Every company needs a database of current or potential clients — and real estate brokerage is no different. Databases help you nurture new business and extract repeat business and referrals from your old clients — generating more sales and profit for your agency.
What is a Real Estate Database?
As a real estate agent, your database is simply a list of:
- Clients who have worked with you in the past; and
- Prospective clients who might work with you in the future.
Any lead can go into your real estate client database, but the most valuable leads are the ones that regularly communicate with you and respond to your outreach. These are the most important leads to nurture through relationship-building.
A real estate database can be a simple spreadsheet — Microsoft Excel, Apple Numbers, Google Sheets, etc.
Agencies with a larger and more complicated client base might want to use a customer relationship management (CRM) software platform — a type of database software designed specifically (as the name implies) to manage customer relationships, including lead nurturing, follow-up, and transaction tracking.
Why Build a Real Estate Database?
Real estate client databases can help you produce many revenue-driving outcomes for your brokerage, including:
- Identify new opportunities for sales from both your past and prospective clients, as well as their referrals.
- Build a loyal customer base through solid relationships so your leads think of you first for their real estate needs.
- Get a better ROI from your marketing since a good client database prevents you from losing leads you spent good money acquiring.
What Data Should a Real Estate Database Contain?
In addition to basic details of the lead, client, or prospect — name, phone number, email, other contact info, etc. — the database can contain any other information that might help you build a relationship with the leads in your database. Remember, without the relationship, the data in your database is useless. Relationships turn leads into sales.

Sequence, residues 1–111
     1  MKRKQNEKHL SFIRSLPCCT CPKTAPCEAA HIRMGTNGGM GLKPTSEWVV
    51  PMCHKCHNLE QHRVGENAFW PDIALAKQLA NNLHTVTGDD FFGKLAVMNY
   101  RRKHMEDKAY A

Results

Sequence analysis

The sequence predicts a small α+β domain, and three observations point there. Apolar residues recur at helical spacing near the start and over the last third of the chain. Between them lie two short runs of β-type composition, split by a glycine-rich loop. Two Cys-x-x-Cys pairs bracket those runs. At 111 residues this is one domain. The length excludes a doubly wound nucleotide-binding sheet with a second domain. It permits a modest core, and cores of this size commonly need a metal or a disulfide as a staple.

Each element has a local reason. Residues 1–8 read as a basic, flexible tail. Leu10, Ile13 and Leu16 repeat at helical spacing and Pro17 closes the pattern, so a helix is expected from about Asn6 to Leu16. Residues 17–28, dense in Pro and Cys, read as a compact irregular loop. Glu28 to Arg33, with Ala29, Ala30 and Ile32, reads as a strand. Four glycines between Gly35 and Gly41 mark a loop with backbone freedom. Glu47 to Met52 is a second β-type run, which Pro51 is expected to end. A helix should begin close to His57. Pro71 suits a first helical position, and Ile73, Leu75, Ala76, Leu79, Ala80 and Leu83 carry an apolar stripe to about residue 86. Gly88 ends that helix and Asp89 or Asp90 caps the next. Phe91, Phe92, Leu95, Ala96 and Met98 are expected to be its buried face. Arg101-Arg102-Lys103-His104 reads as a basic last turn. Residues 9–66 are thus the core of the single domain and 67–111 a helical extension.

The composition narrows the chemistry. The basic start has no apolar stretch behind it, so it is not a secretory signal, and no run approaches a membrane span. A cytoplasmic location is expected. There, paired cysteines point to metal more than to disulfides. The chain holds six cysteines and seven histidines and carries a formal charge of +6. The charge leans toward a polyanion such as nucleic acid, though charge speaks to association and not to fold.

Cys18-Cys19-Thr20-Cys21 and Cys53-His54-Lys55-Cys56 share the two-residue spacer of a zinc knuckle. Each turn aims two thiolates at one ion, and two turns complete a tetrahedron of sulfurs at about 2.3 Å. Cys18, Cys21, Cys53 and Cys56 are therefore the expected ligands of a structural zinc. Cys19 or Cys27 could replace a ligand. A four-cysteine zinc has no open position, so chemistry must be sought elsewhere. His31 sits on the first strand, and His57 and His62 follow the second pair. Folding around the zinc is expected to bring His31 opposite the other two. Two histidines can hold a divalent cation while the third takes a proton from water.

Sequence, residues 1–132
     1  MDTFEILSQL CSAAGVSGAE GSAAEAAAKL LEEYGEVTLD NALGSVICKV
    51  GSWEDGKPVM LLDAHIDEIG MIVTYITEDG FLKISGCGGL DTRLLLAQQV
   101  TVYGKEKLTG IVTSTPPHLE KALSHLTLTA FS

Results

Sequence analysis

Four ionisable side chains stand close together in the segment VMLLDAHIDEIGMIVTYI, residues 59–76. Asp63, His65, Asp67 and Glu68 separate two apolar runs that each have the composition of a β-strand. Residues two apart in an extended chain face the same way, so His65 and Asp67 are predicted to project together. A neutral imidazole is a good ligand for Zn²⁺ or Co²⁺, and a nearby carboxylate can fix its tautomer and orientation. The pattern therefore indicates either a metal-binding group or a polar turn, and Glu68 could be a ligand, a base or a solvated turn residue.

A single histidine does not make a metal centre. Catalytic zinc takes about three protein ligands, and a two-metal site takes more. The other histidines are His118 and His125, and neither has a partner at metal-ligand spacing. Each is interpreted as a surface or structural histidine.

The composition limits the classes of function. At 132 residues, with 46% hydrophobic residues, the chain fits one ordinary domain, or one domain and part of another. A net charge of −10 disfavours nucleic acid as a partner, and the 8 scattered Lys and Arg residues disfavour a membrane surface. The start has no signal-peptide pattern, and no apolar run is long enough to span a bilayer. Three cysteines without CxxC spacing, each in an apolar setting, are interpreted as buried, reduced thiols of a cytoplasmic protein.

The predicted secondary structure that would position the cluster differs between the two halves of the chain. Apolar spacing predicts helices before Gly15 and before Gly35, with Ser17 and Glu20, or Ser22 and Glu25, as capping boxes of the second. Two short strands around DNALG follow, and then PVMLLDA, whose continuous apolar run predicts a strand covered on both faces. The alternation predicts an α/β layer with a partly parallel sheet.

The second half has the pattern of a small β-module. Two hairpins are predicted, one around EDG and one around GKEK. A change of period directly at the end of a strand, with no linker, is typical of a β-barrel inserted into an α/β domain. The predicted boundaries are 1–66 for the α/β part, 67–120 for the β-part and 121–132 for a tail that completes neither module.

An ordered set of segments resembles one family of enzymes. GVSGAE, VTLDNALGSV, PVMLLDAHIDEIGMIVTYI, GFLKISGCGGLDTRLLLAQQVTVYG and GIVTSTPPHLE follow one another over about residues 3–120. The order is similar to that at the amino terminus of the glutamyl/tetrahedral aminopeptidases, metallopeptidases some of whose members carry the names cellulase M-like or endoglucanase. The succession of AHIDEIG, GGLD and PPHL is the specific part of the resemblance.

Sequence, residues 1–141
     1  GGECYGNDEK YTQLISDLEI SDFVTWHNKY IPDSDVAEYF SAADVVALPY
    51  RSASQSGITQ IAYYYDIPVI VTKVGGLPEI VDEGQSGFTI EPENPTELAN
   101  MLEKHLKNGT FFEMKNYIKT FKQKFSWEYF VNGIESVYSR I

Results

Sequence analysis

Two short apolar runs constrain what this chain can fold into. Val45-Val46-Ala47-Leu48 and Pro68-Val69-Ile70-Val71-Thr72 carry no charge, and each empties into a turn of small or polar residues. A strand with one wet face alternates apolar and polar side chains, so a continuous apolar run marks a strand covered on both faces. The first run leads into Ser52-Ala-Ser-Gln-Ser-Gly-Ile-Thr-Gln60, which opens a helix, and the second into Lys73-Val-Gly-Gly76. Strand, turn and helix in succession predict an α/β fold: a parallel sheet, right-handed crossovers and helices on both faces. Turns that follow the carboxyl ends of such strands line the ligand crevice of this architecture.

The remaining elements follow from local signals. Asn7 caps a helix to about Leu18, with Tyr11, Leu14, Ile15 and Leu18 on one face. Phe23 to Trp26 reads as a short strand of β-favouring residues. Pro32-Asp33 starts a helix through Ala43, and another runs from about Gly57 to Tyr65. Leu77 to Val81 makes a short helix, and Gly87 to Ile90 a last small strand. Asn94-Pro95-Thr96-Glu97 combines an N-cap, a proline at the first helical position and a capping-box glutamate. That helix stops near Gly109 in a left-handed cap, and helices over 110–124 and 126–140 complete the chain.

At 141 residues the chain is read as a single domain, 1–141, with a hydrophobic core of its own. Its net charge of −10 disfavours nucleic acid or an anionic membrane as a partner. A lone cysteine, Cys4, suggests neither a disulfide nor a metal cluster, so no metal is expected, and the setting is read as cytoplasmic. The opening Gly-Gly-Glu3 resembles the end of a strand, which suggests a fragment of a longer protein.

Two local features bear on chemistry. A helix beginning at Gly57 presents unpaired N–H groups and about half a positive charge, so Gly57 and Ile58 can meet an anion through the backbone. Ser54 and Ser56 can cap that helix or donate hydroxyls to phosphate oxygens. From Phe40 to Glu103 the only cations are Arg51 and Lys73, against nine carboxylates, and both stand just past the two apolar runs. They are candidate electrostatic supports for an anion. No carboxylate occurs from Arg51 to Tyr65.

Client-specific data that could help you build the relationship and identify opportunities to do business include the client’s.
- Important life milestones (birth of a child, wedding, new business venture, etc.)
- Sectors or asset classes of interest
- Net worth and access to credit
- How soon they want to transact
- Preferred mode of contact.
How Do I Organize My Real Estate Database?
The most important organization priority for your real estate database is to tag your leads — that is, assign their qualities so that you can easily sort them by demographic.
For example, with a click of a button, you want to be able to see only the leads that have already done business with you or only the leads that you are still nurturing towards the first sale.
Other characteristics by which you could segment your list include:
- Areas of interest and budget: If a deal comes up, you want to be able to quickly access every lead who expressed interest in that kind of deal and qualifies for it so you can blast out the details to them.
- “Temperature” of the lead: You want to be able to quickly sort the leads who want to buy within the next few weeks or months from the leads that may be years away from a transaction. These lead “temperatures” (hot, warm, cold, etc.) require very different approaches.
How Often Should I Contact my Leads?
How often you contact your leads depends on the aforementioned “temperature” of the leads — hot, warm, or cold. Here are some “go-to” rules for temperature-based touch frequency.
- Hot Leads — Wants to transact within 60 days or less. Contact three times a week.
- Warm Leads — Wants to transact within 60-120 days or less. Contact once a week.
- Cold Leads — Wants to transact within 4-6 months or longer. Contact once every two weeks. Ask for referrals from your past clients and be conscious of when they might be on the market again so you can raise the lead temperature in your database.
How Do I Build Relationships with my Quality Leads?
Reaching out with a generic message is better than nothing, but you will make more sales from your database if you build relationships with the leads. You want them to know, like, and trust you, not just know you.
What kind of outreach builds trust and positive associations? Examples include:
- Targeted market updates: Don’t just blast out generic data. Instead, target your information to the leads most interested in that kind of transaction.
- Fast alerts about new deals: Make sure to target the deal to leads that are interested in and qualified for that specific deal.
- Updates of deals in progress: Let your leads behind the curtain on your deals in action so they have a chance to witness your competence and knowledge.
- Personalized videos: If possible, shoot a “selfie” video message where you address the client by name. This takes time, but it is one of the most powerful ways to nurture a client relationship.